• There was a song about school back in the 1950s from a singer named Chuck Berry. A couple of lines from the songs included “The teacher is teaching the golden rule,” and “Gee, but the teacher don’t know how mean she looks.”
    I never thought about teachers looking mean, but I always appreciated the work they did, and now I have one in my family. Over the years, government has taken over more and more, providing regulations that hamper the teaching profession.

  • Welcome to the next 11 months of the permanent campaign for the presidency. In between elections this political circus never leaves town.
    It was rumored, though we’ve never found confirmation, that President Richard Nixon whispered to his wife after the swearing-in ceremony: Keep waving! The re-election campaign begins on the way to the White House.

  • Two weeks ago, we covered the story of a Tea Party Solutions meeting in which a candidate for the U.S. Senate, Ron McNeil, paid a visit and spoke.
    McNeil is one of about a dozen Republicans trying to unseat Democrat Bill Nelson.
    This was the major beginning of what will undoubtedly be a number of political gatherings and rallies as we prepare for the 2012 elections. We’ve already had some events concerning the sheriff’s race, but now things are starting to expand.

  • Despite my disdain for fairy tales and fictional happy endings, I was taken by Charles Dickens “A Christmas Carol” from first reading. I was captured again by the 1951 best ever movie rendition of the story, starring Alistair Sim.
    The seasonal life story of Ebenezer Scrooge is about an emotionally neglected childhood, a relentless rise to success as a money lender, and a lonely life of “humbug” after his only friend and partner, Jacob Marley, had passed away.

  • So now the feds want to take away my right to use my cell phone in my car, including a hands-free device. Talk about government intrusion into something that is none of their business.
    I’ll concede that sometimes talking on a cell phone that is not hands-free can be distracting. And I don’t believe anyone should be texting or checking e-mail while driving. The only things that should be allowed are by voice.
    But trying to ban a hands-free device is completely out of line.

  • We’d be disappointed but not surprised if local schools had to reduce classes to a four-day week. We’re already disappointed that motivated young people are not experiencing the first-rate academic and trades educations which were once available in many public schools.
    The lengths of U.S. school days and school years are among the shortest in the world. Yet based on billions spent, rather than results achieved, we have a national delusion that public schools are a top priority of local, state, and federal governments. Schools are, but education isn’t.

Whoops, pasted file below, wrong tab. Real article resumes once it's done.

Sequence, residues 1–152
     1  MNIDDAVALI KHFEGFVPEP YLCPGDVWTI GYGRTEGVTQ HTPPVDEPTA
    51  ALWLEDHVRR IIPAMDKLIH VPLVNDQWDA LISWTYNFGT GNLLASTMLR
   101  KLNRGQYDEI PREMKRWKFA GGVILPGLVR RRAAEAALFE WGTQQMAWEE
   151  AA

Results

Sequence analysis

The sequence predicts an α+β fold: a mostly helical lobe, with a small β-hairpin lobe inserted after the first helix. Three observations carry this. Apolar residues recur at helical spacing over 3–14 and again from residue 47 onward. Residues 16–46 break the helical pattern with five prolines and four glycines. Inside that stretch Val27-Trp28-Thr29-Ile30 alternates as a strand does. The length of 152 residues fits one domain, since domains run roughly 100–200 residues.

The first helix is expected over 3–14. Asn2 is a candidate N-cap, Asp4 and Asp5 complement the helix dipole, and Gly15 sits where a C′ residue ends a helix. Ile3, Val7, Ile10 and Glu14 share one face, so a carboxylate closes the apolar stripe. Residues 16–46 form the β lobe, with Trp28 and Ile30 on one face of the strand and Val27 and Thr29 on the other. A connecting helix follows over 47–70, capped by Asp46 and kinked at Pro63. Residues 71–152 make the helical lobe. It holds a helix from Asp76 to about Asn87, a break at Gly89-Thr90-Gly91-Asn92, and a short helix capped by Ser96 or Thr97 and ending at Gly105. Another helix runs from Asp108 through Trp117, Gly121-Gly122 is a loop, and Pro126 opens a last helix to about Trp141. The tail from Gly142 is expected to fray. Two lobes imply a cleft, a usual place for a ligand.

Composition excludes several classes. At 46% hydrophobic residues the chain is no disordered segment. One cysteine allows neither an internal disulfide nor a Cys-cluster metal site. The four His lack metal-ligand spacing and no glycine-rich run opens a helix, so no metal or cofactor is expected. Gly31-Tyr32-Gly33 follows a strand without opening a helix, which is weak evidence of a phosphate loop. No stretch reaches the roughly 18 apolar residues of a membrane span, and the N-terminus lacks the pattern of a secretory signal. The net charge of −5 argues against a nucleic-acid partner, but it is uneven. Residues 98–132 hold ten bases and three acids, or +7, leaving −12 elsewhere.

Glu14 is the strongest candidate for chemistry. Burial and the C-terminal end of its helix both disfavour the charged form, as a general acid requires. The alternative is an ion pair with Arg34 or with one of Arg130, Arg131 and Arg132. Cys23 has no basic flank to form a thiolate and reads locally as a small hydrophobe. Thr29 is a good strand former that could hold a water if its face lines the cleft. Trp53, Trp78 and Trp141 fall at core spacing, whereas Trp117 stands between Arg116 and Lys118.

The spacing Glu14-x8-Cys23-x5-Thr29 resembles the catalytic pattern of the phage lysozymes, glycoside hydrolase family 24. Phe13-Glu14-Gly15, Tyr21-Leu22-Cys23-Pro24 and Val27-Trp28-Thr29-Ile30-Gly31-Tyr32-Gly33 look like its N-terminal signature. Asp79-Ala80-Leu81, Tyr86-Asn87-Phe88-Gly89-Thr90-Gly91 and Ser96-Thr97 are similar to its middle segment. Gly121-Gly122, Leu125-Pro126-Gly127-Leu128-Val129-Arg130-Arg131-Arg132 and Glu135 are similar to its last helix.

• It’s obvious that Ocala and Marion County must be one of the most honest places on Earth. Where else could you put perfectly good lawn chairs out by the side of the main street in town, and let them sit there for a week, not expecting them to be stolen?

  • Sitting there Saturday night watching the Florida-FSU football game, I really got tired of hearing the announcers proclaim Florida bowl eligible.
    Let me ask you: Does this team really deserve to be invited to a bowl game? Is a 6-6 record enough to send a school on a bowl trip?
    The propaganda coming out of Gainesville is that it will give the Gators much more practice for the young players to get ready for next season. One announcer said “It’s like having an extra spring practice.”

  • We’re now inside one month of the Christmas holiday, and we have just passed the maddening Thanksgiving weekend with all the stories of shoppers trampling each other, even using pepper spray, to get what they wanted in the stores for holiday gifts.
    Many people sit back and read all those stories and wish they could be part of it … but their finances won’t allow it. Some are struggling to put food on the table, much less video games under the tree, if they have a tree.

  • Prior to Sept. 11, 2001, it was the worst sneak attack against the U.S. in history. It was 70 years ago next Wednesday that the Japanese attacked Pearl Harbor, providing the impetus for the entrance of the United States into World War II.